NHSBN Radiology Project - University Hospitals of Leicester NHS Trust

Demand for patients to have Radiologically-guided lines, including Hickman Lines and PICCs, is met by a variety of service models within Acute Trusts. University Hospitals of Leicester (UHL) has an interesting and highly successful approach to meeting demand.

Background

Demand for patients to have Radiologically-guided lines, including Hickman Lines and PICCs, is met by a variety of service models within Acute Trusts. Some service models are more successful than others and from time-to-time the issue of patients being delayed in their treatment or discharge whilst awaiting such lines is reported by the press, particularly when the delay has been determined at Inquest to have contributed to a patient’s death.

University Hospitals of Leicester (UHL) has an interesting and highly successful approach to meeting demand. In fact, their Nurse-led service, developed over a number of years, has been so successful that demand has significantly increased as they deliver the service to all patients who would benefit from a line insertion, rather than only carrying out the procedure for patients with high acuity.

Service

In 2000, the UHL Hickman Line Service operated by Radiology had an 8 week waiting list, performing approximately 300 procedures per year. The Service was run by a single Consultant Interventional Radiologist, Dr Kim Krarup, assisted by a Sister working in Radiology. The Sister, Sharon Hubbard, asked if she could be trained to perform the procedures.

In 2014, Sharon is now the Lead Specialist Practitioner for Vascular Access and manages the Nurse-led Vascular Access Team. This 3 member nursing team (2.4 WTE and a Scrub Assistant) operates a Monday to Friday service in a dedicated room, performing in excess of 1300 procedures a year, including direct access referrals from local GPs, and undertakes sessions in neighbouring hospitals.

Their turnaround time, from the point of request to performance, averages less than 24 hours. In a typical week, Sharon and her team will perform a mixture of urgent lines and planned lines, including offering a service for haematology and oncology patients to have their lines installed at the optimal time for their treatment.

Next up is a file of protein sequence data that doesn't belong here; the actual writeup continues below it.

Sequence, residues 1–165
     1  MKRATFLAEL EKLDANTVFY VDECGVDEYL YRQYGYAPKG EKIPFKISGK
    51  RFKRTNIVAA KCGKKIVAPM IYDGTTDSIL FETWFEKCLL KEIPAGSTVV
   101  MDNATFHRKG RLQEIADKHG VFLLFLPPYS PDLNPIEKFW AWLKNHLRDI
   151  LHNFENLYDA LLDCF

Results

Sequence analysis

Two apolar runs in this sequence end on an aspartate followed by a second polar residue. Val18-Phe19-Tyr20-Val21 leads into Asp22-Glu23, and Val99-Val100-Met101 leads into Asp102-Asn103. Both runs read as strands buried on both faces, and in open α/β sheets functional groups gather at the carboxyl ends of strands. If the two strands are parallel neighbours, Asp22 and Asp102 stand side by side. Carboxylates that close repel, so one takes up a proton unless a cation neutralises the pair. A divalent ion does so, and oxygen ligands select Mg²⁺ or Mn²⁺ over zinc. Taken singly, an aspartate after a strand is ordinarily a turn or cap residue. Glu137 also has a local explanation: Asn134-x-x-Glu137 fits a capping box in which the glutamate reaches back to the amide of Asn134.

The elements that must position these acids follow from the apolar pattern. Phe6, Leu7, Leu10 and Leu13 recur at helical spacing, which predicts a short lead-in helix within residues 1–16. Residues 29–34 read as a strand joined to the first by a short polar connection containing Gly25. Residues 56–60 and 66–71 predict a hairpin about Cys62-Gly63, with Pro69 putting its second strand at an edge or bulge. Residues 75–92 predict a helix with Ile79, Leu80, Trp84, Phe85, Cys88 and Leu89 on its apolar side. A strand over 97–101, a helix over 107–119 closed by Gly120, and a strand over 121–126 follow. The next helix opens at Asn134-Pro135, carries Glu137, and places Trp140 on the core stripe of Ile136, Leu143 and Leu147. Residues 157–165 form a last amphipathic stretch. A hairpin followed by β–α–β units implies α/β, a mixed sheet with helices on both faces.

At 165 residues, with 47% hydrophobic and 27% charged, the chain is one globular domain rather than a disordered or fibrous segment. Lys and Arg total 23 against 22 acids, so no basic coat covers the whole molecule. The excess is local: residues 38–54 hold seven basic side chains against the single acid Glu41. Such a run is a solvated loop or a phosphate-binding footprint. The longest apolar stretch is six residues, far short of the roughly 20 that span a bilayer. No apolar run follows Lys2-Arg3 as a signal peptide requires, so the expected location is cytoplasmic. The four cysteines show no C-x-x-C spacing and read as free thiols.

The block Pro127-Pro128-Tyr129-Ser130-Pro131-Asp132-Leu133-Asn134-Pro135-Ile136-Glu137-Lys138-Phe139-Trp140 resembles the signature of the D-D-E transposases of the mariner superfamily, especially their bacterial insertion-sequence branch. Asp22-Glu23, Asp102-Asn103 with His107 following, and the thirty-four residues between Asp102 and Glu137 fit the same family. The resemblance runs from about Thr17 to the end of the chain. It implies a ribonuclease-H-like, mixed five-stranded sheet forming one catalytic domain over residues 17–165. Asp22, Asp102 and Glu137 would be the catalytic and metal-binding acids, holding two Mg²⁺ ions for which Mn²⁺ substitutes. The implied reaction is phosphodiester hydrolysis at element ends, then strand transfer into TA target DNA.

Benefits

The University Hospitals of Leicester NHS Trust has one of highest Interventional Radiology Procedure counts per 100,000 Occupied Bed Days and per £100m turnover from all Trusts who participated in the NHSBN Radiology Project in 2014. This reflects both the high number of procedures undertaken as well as the impact that such procedures have on reducing bed days; already under average compared to their peers, UHL’s mean number of bed days per SPELL has fallen a further 2% in 2013/14. This service, therefore, makes a direct contribution to improved patient flows and reduced length of stay at the Trust.

A frequently audited service, Sharon and her team have a >90% success rate for placing lines and an exceptionally low complications rate (0.3%). Their service has reduced the overall burden on the Trust, enabling more patients to receive treatment in the Community, improved the speed at which patients can be safely discharged, reduced the demand on theatres and reduced screening (exposure) time to patients.

The team now trains Medical and Surgical trainees in the placement of lines, as well as nurses and other clinical staff in the efficient maintenance of lines.

Their gold standard service has been recognised following peer review with a Level 2 accreditation for Treatment of Gastrointestinal Failure.

For further information on the UHL Nurse-led Vascular Access Team, please contact:
Sharon Hubard
Judy Gilmore

David Hughes

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